In 2008, British Columbia will be launching one of the first pilots of virtual identity cards in North America, and expect other governments to watch this initiative closely as they look for ways to resolve data redundancy issues, according to Vadim Lander, senior vice-president and chief security architect at CA Inc.
B.C. is using C.A.’s claims-based authentication technology for the virtual card pilot.
Two areas will be tackled initially with the cards: allowing government employees to log onto Wi-Fi networks, and authenticating citizens to government Web sites.
As the name implies, the virtual card is not a physical card but an icon that resides on the citizen’s computer that is meant to be used in conjunction with a Web browser. “Instead of inputting a username and password, users just have to click on the card to provide their credentials,” he says, adding the process to issue cards to British Columbians and determining what documentation they will need to present to obtain them are being worked out.
Once the cards are issued, individuals will own and control the underlying personal information, which will also reside on their computers, says Lander. “Citizens will have choice and flexibility in how they want to make their data available to government.”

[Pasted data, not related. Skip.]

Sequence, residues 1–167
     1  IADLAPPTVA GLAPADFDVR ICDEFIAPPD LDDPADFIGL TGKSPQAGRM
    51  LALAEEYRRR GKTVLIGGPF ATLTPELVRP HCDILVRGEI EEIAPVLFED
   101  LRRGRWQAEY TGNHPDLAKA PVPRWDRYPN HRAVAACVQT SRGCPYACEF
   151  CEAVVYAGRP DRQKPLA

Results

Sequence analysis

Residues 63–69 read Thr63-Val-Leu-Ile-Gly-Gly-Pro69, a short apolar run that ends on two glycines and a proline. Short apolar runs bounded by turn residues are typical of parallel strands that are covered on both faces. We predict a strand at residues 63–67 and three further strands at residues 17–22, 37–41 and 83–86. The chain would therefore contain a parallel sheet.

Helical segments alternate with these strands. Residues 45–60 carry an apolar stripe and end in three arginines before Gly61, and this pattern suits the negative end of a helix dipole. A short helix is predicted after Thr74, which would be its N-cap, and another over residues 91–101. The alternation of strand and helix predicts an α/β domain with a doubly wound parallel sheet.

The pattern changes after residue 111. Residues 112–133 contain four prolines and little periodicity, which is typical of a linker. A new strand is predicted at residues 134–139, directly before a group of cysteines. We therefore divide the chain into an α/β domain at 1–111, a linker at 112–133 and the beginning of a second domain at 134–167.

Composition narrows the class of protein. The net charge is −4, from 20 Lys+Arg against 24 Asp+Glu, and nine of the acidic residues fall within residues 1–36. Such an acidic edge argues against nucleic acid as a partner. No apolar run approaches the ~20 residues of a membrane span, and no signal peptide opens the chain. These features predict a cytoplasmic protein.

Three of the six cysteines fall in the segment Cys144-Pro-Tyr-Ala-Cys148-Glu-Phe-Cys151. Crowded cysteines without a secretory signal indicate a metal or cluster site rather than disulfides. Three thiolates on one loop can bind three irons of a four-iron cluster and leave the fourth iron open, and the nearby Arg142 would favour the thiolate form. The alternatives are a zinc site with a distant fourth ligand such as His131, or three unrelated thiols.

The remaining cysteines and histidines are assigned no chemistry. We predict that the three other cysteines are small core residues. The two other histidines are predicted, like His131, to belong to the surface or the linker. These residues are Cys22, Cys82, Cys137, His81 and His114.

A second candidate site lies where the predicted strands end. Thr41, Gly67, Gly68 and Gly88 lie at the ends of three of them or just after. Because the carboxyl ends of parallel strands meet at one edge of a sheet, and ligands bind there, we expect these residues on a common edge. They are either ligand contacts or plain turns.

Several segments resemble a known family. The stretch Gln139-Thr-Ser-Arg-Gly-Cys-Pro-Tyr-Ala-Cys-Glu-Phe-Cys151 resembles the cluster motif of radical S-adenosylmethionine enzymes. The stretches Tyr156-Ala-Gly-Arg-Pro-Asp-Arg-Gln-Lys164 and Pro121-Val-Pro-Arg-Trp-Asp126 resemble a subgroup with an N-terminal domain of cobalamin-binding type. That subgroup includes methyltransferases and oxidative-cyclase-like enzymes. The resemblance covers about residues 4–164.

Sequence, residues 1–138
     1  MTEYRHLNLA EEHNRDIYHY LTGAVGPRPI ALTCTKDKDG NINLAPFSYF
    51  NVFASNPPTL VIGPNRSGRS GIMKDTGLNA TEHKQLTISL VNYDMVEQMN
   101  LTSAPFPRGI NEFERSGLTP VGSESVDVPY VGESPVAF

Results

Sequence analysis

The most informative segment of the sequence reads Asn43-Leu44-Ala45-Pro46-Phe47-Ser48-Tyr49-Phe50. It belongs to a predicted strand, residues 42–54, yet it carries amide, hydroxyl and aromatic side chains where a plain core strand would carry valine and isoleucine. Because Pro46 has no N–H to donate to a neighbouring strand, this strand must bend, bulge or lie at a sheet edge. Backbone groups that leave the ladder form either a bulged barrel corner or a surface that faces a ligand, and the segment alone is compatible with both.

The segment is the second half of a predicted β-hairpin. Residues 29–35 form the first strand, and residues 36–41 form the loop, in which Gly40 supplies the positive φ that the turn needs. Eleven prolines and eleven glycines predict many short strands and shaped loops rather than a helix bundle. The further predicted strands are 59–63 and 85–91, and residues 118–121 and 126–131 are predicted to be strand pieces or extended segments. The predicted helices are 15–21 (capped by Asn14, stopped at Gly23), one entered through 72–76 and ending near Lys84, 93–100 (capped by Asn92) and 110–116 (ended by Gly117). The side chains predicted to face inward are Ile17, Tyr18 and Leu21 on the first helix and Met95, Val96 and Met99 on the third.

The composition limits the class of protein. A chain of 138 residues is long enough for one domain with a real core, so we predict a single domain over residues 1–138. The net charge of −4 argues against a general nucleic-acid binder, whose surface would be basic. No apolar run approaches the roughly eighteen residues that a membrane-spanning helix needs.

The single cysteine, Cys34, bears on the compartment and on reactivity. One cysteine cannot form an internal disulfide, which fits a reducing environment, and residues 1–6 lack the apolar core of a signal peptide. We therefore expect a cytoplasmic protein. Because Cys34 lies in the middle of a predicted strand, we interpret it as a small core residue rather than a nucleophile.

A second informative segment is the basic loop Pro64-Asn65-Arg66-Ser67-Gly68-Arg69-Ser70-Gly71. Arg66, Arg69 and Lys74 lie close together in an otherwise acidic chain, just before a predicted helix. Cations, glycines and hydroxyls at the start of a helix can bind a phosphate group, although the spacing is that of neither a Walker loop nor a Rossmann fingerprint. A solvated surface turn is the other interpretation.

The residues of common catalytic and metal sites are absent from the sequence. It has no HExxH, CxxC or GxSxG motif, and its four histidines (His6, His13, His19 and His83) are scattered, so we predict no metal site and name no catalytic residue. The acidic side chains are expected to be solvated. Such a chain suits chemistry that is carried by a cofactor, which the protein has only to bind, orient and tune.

For the pilot, one card per citizen will be issued containing basic information such as name, address, and date of birth. “But the technology allows people to have multiple cards with different levels of identity they can present depending on the service they want,” he says. “It will be up to the citizen to choose what degree of private information he wishes to divulge.”
Different services require different levels of personal information, he explains. Booking a campsite, for example, only requires basic address information, whereas filing an Employment Insurance (EI) claim online requires more sensitive information such as SIN and income information.
There are parallels in the physical world – a driver’s licence is sufficient for domestic airline flights, but international flights require passports. Varying levels of personal information and supporting credentials could be embodied in multiple virtual cards for the same individual. “We can imagine a scenario in the future where people have different virtual cards from government, banks and other institutions.”
One of the key objectives of the pilot is to determine how citizens will use the new technology, he says. As a back-up mechanism, people will still be able to log on with usernames and passwords if the virtual cards fail. “We’ll learn which other back-up mechanisms will be needed from the pilot: